Later, come more horses, children linked by garlands and, bringing up the rear, a cart drawn by four enormous white oxen, yoked in pairs, and carrying civic dignitaries.

The “palio” for that day’s race is run up a staff, near the start-finish line, like a sort of flag. It will not be there long.

The 10 horses (nine this year; one was injured the day before) then appear with their jockeys, and they need to line up (more or less) side by side at the starting line, which is represented by a thick rope. (No gates here.)

Then, finally, after the hours of anticipation, when the horses are deemed to be pretty much in position, the race begins with a loud explosion. Originally it was a cannon. Now, it is just a really loud firecracker.

The race is a sprint, run in tight quarters, with sharp turns, no saddles and very few rules. Traditional horsemen would be horrified.

Jockeys may whip their horses. They may whip other horses. They may push or jostle (punch?) other jockeys. During the race.

Inevitably, a horse or two fall and a jockey or two is unhorsed.

Imagine, too, the 60,000 spectators are smashed in a space not much bigger than a basketball arena. Everyone strains to see what is happening and finds himself shouting. (This race could never happen in the U.S.; “personal injury” lawyers would kill it dead.)

The race often is won in the first lap, with the fast-starting horse hard to catch. This year, the quickest horse skidded in the second turn, throwing its rider. (One of two unhorsed during the race.) We were sitting directly in front of his father and brother, who seemed almost in shock.

Two horses separated themselves from the pack and, at the beginning of the final of three laps, the horse representing the Owl contrade, overtook the leader, and hung on to win, with the rider, Andrea Mari, rising his arms in victory as his horse, Occule, crossed the line.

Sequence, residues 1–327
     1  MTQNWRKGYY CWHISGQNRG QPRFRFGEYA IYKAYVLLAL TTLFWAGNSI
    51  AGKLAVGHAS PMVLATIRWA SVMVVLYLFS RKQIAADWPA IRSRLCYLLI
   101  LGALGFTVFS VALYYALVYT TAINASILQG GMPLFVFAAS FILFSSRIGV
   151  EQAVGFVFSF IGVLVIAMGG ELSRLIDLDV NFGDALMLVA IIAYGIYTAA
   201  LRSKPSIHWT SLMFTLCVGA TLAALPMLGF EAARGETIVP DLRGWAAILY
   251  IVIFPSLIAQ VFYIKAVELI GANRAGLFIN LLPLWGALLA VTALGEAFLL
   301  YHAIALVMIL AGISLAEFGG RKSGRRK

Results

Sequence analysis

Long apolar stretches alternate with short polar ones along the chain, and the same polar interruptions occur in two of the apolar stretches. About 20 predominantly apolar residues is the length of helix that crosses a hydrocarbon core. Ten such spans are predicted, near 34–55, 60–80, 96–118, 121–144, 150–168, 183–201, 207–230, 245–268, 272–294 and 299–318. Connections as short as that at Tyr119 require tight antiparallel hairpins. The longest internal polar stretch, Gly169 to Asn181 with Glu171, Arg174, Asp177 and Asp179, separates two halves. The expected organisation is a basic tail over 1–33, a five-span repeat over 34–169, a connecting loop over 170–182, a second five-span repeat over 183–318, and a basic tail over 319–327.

Then came the true madness. As if what we had already witnessed was not memorable enough.

The release of emotion at the end of a race is a sort of group hysteria. Hundreds of members of the winning contrade seem to materialize on the track within seconds of the race ending. One batch runs towards the horse and rider, who have come to a halt in the first turn, and others run to the start-finish line to haul down the “palio” banner.

Others dash back and forth between the clots of humanity, with the need to run seemingly paramount.

Nearly everyone is weeping. Tears of joy. Tears of relief. Men, women, children. Despite horses still being on the track. Despite no easy access to the track. A mindless, overwhelming explosion or emotion.

The emotion is infectious. Those of us with no rooting interest find our hearts thumping and our eyes welling. The jockey is a conquering hero. The horse is immortal.

It is then that we realize Il Palio is not a modern event. It is not of this age.

Those of us who have been to major sports events … well, no celebration is quite like this. Not among fans. Not a Super Bowl. Not a World Cup.

The emotions are outsized. Wild. Uncontrolled. From some other era, when feelings were raw and unfettered and allowed to run their course without shame or censure.

At the end, that is the madness of the Palio. From a distant time, when life was short and perhaps brutish, and traditions meant more than they do now, and victories are savored without restraint.

And I would love to see it again.